Microbial Observatory: Linking Microbial Diversity With Biogeochemical Studies Throughout the Deep Greenland Ice Sheet

  • Brenchley, Jean (PI)
  • Sowers, Todd Anthony (CoPI)
  • Miteva, Vanya (CoPI)

Project: Research project

Project Details


A grant has been awarded to Drs. Jean Brenchley, Vanya Miteva, and Todd Sowers of Pennsylvania State University to establish microbial observatory studies of microbial diversity in relation to geochemical analyses throughout a Greenland glacier ice core. These investigators have shown that ice from over 3,000 meters deep contained an abundant and diverse prokaryotic population that had survived subzero temperatures, high pressures, and limited liquid, oxygen, and nutrients for over 120,000 years. This new work will develop a low temperature microbial observatory to examine the prokaryotic populations in ice core samples selected to represent different depths/times/deposition temperatures and test whether microbial metabolism could be occurring within the ice core itself. Goals include examining the viability and number of prokaryotes in different ice samples to determine whether specific types correlate with deposition climates, comparing the microbial diversity using both culture dependent and culture independent methods, and monitoring trace gas composition using stable isotopes in ice to link the microbial diversity studies with biogeochemical processes.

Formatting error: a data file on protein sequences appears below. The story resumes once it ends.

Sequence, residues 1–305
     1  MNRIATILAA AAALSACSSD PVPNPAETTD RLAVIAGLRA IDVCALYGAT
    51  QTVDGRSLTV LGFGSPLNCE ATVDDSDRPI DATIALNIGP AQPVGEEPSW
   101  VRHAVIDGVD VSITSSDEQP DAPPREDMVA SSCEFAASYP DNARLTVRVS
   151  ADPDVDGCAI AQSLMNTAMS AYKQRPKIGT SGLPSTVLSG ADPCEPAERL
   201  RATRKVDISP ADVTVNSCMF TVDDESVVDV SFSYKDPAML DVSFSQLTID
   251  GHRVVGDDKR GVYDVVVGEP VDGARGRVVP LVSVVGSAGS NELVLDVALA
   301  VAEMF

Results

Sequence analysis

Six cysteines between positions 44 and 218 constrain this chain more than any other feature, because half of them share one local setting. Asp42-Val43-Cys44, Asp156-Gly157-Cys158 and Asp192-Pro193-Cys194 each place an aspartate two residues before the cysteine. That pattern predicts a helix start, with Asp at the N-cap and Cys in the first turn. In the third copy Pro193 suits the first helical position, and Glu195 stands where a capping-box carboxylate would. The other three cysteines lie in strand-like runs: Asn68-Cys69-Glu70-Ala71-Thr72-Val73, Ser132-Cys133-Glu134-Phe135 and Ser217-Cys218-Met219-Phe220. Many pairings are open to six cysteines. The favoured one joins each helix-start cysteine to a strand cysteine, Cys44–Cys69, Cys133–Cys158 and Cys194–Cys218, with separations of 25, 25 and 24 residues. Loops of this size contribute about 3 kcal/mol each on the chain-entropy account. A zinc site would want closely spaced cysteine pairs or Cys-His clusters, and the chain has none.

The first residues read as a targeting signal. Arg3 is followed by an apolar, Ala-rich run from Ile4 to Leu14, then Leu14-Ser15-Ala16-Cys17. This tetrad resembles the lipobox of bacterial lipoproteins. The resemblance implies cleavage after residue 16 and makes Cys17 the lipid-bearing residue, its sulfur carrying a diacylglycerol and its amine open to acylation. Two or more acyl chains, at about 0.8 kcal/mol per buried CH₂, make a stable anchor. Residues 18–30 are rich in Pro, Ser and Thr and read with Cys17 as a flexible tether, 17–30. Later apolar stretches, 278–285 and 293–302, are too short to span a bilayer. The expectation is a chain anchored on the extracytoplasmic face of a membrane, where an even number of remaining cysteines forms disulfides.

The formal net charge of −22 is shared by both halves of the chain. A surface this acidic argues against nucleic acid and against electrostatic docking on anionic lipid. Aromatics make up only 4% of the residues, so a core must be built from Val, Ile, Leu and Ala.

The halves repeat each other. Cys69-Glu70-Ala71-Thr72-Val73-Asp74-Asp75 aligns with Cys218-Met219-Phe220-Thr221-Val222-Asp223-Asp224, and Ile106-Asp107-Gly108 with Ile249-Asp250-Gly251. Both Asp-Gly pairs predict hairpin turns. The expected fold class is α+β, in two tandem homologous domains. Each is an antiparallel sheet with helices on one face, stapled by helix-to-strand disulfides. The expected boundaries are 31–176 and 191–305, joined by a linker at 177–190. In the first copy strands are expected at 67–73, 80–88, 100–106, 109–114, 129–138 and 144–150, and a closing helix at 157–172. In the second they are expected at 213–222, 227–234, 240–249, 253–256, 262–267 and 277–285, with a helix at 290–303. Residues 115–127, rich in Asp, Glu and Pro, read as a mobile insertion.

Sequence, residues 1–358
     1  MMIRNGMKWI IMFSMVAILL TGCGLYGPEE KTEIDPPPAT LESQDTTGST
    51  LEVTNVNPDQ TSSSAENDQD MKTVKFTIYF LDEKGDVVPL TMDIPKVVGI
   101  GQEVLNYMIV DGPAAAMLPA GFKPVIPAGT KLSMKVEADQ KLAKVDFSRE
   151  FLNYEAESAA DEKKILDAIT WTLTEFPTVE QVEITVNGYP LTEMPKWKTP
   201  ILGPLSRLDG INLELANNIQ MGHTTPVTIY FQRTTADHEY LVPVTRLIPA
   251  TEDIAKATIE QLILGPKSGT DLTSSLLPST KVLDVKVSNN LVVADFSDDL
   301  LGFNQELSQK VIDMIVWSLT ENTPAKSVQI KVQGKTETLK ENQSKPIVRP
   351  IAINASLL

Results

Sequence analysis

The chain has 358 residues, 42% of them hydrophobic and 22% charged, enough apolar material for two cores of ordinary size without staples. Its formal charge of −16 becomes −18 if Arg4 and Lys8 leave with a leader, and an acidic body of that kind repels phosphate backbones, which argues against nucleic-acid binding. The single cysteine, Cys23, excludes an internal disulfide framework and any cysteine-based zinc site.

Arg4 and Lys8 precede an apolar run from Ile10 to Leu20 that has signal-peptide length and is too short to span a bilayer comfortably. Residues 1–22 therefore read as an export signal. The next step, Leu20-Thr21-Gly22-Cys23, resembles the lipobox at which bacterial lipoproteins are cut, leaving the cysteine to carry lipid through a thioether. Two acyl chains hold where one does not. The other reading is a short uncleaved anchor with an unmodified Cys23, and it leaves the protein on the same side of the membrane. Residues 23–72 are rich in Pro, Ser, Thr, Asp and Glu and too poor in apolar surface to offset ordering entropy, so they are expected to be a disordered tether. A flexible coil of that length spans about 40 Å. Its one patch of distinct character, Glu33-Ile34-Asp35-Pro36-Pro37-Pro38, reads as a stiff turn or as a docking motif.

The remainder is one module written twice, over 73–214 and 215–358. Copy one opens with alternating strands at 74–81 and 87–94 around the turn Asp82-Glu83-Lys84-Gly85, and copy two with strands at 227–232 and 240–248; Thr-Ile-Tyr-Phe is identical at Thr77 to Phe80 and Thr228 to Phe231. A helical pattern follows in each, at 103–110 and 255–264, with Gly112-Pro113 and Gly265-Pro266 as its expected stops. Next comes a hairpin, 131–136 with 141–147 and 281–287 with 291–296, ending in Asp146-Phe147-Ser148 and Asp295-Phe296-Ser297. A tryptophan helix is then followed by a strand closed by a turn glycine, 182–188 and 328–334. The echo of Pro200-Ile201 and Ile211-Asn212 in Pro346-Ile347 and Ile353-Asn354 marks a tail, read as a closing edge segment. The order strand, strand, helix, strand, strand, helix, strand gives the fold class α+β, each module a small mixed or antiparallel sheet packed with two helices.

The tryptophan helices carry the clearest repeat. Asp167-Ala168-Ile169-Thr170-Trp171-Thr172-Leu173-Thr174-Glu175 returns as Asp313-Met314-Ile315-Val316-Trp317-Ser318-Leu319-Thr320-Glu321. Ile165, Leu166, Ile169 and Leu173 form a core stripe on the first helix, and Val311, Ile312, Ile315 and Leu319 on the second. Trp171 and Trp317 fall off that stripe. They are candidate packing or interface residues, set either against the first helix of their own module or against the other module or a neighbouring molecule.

Glacier ice is a harsh habitat and results from this microbial observatory will help understand the limits for survival on earth and serve as a model for possible extraterrestrial life. In addition to broad educational impacts, this work will provide a comprehensive view of the vertical distribution of microbial populations in the ice core and is likely to lead to the cultivation of numerous not-yet cultivated organisms representing novel taxa. Some isolates could produce biotechnologically important new antibiotics, chemicals, cold-active enzymes, etc. In addition, the interdisciplinary test of whether metabolism can be detected within ice is important because trace gases in ice cores record past atmospheres that are then compared with current compositions. If microbial metabolism could have altered this trace gas record, then previous results and climate predictions would have to be reevaluated.

Effective start/end date9/1/048/31/10


  • National Science Foundation: $845,254.00


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